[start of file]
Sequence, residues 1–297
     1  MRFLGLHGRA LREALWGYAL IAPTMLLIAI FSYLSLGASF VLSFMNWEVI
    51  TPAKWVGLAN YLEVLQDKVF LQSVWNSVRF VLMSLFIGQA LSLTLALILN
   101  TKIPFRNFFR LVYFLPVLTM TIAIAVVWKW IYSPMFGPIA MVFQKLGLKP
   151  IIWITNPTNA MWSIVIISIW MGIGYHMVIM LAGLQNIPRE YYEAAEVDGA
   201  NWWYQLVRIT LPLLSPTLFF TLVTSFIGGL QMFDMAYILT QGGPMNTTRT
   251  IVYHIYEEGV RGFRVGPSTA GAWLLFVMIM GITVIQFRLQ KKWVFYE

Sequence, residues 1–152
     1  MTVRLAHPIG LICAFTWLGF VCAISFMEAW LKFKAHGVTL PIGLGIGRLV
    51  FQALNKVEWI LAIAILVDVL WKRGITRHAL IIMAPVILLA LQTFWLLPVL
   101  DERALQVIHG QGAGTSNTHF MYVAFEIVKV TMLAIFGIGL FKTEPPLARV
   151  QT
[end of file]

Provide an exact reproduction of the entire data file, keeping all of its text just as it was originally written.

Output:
Sequence, residues 1–297
     1  MRFLGLHGRA LREALWGYAL IAPTMLLIAI FSYLSLGASF VLSFMNWEVI
    51  TPAKWVGLAN YLEVLQDKVF LQSVWNSVRF VLMSLFIGQA LSLTLALILN
   101  TKIPFRNFFR LVYFLPVLTM TIAIAVVWKW IYSPMFGPIA MVFQKLGLKP
   151  IIWITNPTNA MWSIVIISIW MGIGYHMVIM LAGLQNIPRE YYEAAEVDGA
   201  NWWYQLVRIT LPLLSPTLFF TLVTSFIGGL QMFDMAYILT QGGPMNTTRT
   251  IVYHIYEEGV RGFRVGPSTA GAWLLFVMIM GITVIQFRLQ KKWVFYE

Sequence, residues 1–152
     1  MTVRLAHPIG LICAFTWLGF VCAISFMEAW LKFKAHGVTL PIGLGIGRLV
    51  FQALNKVEWI LAIAILVDVL WKRGITRHAL IIMAPVILLA LQTFWLLPVL
   101  DERALQVIHG QGAGTSNTHF MYVAFEIVKV TMLAIFGIGL FKTEPPLARV
   151  QT